Three north-east lifeboat crews joined forces for marathon overnight rescue this week.
RNLI Lifeboats from Montrose, Aberdeen and Peterhead took part in a 18-hour rescue mission off the north-east coast during Wednesday and yesterday.
A 110-year-old classic iron-built sailing barge raised the alarm at 2pm on Wednesday, requesting assistance 60 miles east of Montrose.
The Ian Grant Smith launched from Montrose lifeboat station and made her way to the scene, despite high winds and building swell.
The sea was described as rough when she arrived on-scene.
They helped to tow the sailing vessel towards Aberdeen, which was chosen as the rescue destination due to it being downwind.
Aberdeen’s Severn-class lifeboat Bon Accord was paged to launch at 7pm, tasked to take over the tow from Montrose Lifeboat at a position some 20 miles east of Stonehaven.
The rough conditions caused the Bon Accord speed to be reduced, but the two lifeboats met at about 10.30pm, where they took over the tow.
This allowed the fatigued Montrose crew to return to their base after spending nine hours out at sea.
The Bon Accord arrived off Aberdeen at about 2am, but the conditions were too rough to safely tow the casualty vessel into Aberdeen Harbour.
Coxswain Davie Orr decided to continue the tow to Peterhead, requesting the Peterhead Lifeboat to meet them off Cruden Bay to take over the last stage of the journey.
Peterhead’s Tamar-class lifeboat, ‘The Misses Robertson of Kintail’, launched at 3.20am and took over the tow from Aberdeen Lifeboat at a position off Cruden Bay around 4.20am.
With the weather abating around dawn, she brought the casualty vessel safely alongside in Peterhead shortly after 8am.
Aberdeen Lifeboat returned to her berth in the Granite City at 6am yesterday fter 11 hours at sea.
David Cameron, coxswain of Montrose Lifeboat on this service, said: “When we arrived on-scene, the sailing vessel was still under some sail but without power.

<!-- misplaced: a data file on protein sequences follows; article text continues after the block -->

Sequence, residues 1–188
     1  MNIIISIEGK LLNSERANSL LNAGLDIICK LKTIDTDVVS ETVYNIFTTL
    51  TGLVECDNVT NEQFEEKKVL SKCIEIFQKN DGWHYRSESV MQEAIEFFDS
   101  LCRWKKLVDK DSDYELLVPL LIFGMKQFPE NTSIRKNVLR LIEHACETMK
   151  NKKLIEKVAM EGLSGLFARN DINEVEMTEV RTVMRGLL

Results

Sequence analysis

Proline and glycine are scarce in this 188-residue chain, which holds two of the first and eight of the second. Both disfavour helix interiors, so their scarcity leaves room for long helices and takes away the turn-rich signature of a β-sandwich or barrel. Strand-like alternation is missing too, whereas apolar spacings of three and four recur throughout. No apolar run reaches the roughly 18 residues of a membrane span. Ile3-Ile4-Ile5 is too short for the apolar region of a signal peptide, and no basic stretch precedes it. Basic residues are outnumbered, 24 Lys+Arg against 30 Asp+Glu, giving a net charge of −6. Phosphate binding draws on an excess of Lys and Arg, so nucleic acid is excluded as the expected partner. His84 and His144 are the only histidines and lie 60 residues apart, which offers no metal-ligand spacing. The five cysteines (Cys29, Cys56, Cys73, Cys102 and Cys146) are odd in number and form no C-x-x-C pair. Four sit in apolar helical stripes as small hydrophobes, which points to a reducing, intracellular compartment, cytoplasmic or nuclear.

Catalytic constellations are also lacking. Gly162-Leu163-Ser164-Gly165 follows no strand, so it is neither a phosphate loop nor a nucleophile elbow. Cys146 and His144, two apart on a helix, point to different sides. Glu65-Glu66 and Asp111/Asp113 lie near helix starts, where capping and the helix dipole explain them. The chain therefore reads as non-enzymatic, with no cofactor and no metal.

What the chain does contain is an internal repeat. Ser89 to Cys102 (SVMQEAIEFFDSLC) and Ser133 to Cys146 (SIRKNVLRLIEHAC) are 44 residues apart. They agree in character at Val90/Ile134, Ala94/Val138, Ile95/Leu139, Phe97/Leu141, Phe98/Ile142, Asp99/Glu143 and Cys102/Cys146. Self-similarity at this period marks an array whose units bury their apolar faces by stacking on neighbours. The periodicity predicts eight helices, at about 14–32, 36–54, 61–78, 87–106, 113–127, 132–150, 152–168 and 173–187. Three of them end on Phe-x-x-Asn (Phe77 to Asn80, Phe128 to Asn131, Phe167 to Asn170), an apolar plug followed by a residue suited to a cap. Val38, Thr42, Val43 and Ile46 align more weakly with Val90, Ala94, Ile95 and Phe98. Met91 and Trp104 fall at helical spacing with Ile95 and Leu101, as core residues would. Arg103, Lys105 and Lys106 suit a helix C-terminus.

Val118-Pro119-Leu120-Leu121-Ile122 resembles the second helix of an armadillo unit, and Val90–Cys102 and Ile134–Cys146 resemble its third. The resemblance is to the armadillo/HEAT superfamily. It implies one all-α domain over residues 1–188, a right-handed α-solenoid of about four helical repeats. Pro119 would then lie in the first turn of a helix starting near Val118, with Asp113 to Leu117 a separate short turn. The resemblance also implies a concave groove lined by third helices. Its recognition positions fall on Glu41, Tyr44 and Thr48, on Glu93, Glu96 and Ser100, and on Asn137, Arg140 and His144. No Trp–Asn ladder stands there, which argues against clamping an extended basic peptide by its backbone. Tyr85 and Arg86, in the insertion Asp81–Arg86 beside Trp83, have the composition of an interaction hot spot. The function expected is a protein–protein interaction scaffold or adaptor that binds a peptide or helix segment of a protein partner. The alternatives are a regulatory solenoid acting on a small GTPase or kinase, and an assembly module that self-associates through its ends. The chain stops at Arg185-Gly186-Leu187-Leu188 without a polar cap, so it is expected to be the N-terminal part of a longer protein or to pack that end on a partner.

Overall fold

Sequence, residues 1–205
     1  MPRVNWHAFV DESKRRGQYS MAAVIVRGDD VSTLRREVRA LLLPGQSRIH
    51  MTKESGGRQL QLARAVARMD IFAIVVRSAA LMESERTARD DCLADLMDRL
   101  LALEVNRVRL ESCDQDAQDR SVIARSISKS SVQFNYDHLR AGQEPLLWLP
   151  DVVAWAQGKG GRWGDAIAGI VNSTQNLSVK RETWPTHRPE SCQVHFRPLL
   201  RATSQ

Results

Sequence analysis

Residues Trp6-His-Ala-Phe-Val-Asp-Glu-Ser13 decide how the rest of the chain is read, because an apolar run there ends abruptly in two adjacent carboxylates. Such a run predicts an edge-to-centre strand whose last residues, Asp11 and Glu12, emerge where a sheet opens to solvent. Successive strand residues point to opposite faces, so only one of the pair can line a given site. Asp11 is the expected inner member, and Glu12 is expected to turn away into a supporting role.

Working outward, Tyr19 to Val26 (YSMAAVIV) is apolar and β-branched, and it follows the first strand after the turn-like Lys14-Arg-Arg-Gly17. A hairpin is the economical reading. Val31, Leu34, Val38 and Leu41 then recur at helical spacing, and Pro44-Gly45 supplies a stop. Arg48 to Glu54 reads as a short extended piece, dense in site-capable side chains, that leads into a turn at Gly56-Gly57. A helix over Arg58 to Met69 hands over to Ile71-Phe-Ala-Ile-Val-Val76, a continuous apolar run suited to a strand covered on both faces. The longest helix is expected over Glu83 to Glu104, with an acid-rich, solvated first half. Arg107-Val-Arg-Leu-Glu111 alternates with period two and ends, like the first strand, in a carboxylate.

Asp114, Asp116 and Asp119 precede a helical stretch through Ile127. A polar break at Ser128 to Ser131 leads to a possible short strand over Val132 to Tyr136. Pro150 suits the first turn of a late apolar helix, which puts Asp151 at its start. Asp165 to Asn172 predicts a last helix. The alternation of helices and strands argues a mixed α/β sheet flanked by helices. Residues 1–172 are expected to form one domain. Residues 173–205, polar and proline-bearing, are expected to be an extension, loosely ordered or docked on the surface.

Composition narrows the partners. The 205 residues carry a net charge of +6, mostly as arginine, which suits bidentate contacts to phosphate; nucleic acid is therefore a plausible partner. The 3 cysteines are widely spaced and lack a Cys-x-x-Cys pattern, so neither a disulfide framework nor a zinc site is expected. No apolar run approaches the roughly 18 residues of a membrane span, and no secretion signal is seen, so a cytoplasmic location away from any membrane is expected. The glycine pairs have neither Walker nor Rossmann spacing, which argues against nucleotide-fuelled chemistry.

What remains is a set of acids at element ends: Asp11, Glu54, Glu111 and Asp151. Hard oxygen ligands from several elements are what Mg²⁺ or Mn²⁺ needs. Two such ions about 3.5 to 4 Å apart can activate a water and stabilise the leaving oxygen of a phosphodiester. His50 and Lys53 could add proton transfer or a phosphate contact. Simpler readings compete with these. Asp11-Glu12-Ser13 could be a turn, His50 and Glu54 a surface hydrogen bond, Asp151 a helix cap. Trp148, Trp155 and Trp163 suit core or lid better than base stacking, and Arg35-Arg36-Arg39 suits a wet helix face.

“We passed a drogue to the yacht for her stern – to help prevent broaching under tow – and began towing her north-west, toward Aberdeen.”
Davie Orr, coxswain of Aberdeen Lifeboat, said of their rough passage upwind: “The initial 4 metre swell quickly built to 6 metres, which forced our speed down from our design maximum of 25 knots to just 7 knots at times.
“When darkness fell, it was worse: all I could see was white wave-crests above the wheelhouse windows, before we would fall down the far side of the wave.”
Volunteer crew member with Peterhead Lifeboat, Sean Lawrence, added: “The pager went off at 2.38am so the crew quickly assembled in the middle of the night at Peterhead Lifeboat Station to work with Aberdeen to come up with a plan of action, and handover of tow as safely as possible.
“The sailing vessel was under tow by Aberdeen Lifeboat but, due to sea conditions, they were unable to enter the harbour so the decision was made to use Peterhead Harbour as an alternative.
“We arrived on scene and met Aberdeen lifeboat Bon Accord and took over the tow at 4.20am and brought the vessel alongside in Peterhead at 8.20am.
“Thanks to the commitment of all crews involved, the rescue – albeit a long one – went safely and The Misses Robertson of Kintail was made ready for service again by 9am.”